Study Spanish in Cadiz, Spain
Cadiz is a place of staggering beauty, replete with a mysterious allure that maps its millenary heritage. The oldest continuously inhabited city in the western hemisphere, an incredibly popular destination for Spanish courses, and one of the oldest cities in Europe, Cadiz has been home to a variety of civilizations over the past 3,000 years. From the audacious Phoenicians to their ambitious offspring, the Carthaginians, past the Romans, Visigoths, and Muslims, the city has long been a prominent settlement of strategic importance both for military and commercial reasons.
Consequently, Cadiz has taken on many personalities throughout the ages, leaving behind an eclectic mix of styles for both its visitors and 125,000 residents to admire today. At the same time, the topography of the city's utterly breathtaking location has limited the growth of the population to the closed quarters of the narrow slice of land that protrudes from the mainland and reaches out into the sea.
At the same time, the historical importance and natural beauty of the area has transformed the Bay of Cadiz into one of the busiest and most active hotspots in Spain, helping to develop areas in the vicinity of the city, both at the foot of the jutting peninsula and on the opposite end of the bay. Such has been the case with Puerto Real and Puerto de Santa Marta, both within ten miles of Cádiz, and San Fernando and Rota, slightly more distanced from the capital of the province.
All in all, the Bay of Cadiz boasts well over half a million people, and, as such, features every conceivable service and commodity expected from a modern city. At the same time, the Mediterranean lifestyle and the very special atmosphere (the charming locals, the smell of fish, the longheld traditions) that make up day-to-day life in what is ultimately a (huge) fishing village make Cadiz a very desirable place to learn Spanish and spend some time in one of the most beautiful and culturally rich cities in Spain.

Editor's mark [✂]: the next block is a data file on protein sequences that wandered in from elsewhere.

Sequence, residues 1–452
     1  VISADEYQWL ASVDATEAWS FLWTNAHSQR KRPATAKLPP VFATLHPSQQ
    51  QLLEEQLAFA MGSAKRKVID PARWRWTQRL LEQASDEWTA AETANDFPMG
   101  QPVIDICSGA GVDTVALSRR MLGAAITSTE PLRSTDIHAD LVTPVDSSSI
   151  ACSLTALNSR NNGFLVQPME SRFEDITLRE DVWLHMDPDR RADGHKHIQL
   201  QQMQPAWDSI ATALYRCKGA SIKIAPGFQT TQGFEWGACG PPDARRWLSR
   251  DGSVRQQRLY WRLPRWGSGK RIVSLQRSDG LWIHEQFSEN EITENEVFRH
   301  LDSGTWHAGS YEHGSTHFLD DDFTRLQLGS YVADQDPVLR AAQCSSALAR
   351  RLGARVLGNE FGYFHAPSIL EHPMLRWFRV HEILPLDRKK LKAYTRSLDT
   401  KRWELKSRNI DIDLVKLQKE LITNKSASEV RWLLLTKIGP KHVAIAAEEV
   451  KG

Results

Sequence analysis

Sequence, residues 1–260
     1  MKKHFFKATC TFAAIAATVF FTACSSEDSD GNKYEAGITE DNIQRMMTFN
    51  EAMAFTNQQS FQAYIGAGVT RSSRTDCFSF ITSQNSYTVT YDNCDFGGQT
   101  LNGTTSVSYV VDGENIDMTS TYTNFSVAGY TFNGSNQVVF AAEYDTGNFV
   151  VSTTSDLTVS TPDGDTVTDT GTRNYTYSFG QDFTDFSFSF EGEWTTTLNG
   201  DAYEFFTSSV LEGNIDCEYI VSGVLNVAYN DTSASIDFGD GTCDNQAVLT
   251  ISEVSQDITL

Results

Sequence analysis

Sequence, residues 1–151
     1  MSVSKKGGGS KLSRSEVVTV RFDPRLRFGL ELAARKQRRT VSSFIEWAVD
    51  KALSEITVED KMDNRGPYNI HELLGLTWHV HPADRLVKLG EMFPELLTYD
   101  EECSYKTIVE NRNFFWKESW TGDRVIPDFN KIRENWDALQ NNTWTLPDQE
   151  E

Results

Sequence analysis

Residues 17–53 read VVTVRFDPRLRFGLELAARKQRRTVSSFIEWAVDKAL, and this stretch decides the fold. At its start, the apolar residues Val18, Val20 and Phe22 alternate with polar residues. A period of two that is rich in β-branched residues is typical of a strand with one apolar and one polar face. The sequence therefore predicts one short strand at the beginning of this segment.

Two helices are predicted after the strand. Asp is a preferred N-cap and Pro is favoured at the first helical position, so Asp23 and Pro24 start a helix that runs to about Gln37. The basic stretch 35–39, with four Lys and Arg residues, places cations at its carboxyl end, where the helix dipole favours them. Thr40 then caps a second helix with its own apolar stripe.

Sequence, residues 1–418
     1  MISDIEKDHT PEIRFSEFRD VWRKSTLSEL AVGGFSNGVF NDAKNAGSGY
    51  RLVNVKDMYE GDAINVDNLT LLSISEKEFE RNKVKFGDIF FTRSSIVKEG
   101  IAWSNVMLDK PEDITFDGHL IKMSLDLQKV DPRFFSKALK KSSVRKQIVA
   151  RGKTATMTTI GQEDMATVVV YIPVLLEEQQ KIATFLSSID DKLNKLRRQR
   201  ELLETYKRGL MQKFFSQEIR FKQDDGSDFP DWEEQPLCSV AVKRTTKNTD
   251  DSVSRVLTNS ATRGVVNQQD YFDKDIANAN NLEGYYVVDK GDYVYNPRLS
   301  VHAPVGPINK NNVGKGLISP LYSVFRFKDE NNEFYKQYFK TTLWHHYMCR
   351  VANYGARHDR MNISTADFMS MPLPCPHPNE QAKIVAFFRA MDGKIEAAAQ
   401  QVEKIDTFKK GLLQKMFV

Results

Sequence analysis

The Stuff of Legends
As the story goes, Cadiz was founded by none other than the mighty Hercules, all the way back in the days when heroes were real and immortal. Such is the tale of the great Greek legend, whose intemperance was to cost him plenty of perils. The son of Zeus and the most beautiful woman in the world, Alcmene, Hercules was the recipient of all the hatred of Zeus' wife, Hera, to the point where she sent the goddess of childbirth, Ilithyia, to stop his mother from giving birth to him, after tricking Zeus into promising that a descendant of the House of Perseus born that very night would become the ruler of all those around him.
Hera's choice for High King was Eurystheus, who was born two months prematurely, while Heracles only came to the world seven days later, through the guile of his mother's servant, who tricked Ilithyia into losing her grip on Alcmene's womb in a crucial moment. Many years later, Hera's undiluted hatred for Hercules led him to suffer an outrageous fit of anger one night, while feasting with his wife and two children in Thebes, which culminated in him slaying both his son and daughter. Hercules was cured from his madness by Antikyreus, who gave him an antidote, only to be ordered by the Oracle of Delphi to atone for his guilt through ten years of service under King Eurystheus.
Unaware of Hera's hand in the Oracle's divination, as well as in the appointment of Eurystheus, instead of Hercules, as the king of Argos, the latter followed suit, more confused than relieved. What ensued was the famous myth of the Labors of Hercules, of which there were originally ten, before being extended to twelve due to the fact that he was aided by his nephew, Iolaus, the charioteer, in the slaying of the Hydra, and he exacted payment for the cleaning of the stables of Augeas.
It was during the accomplishing of the tenth task, herding Geryon's cattle, that Heracles came to the Bay of Cadiz: Geryon's kingdom was centered in the small island of Erytheia, right at the end of the world, which corresponds to present day San Fernando. That is why the coat of arms of Cádiz contains the pillars of Heracles, which he is said to have erected as a sign of the westernmost point of his travels.
Learn and Enjoy
Great beaches, sweeping views of the sea, and long, palm-lined promenades complement the town's lively bars, fantastic museums, bustling commercial activity, and spectacular cathedrals – all of this awaits you in the unparalleled environment of this extraordinary place. So come learn Spanish in Cadiz and discover it all for yourself!
Want to learn a bit more about Cadiz? Check out our handy Cadiz travel guide to discover all this seaside destination has to offer: things to do, what to see, when to go, interesting facts, and much more!